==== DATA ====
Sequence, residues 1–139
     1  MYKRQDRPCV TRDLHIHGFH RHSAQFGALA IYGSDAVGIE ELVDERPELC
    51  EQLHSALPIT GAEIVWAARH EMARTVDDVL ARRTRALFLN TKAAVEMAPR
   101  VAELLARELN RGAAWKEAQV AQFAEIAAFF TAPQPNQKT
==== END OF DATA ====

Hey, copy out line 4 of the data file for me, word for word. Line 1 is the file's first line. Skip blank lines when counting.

   101  VAELLARELN RGAAWKEAQV AQFAEIAAFF TAPQPNQKT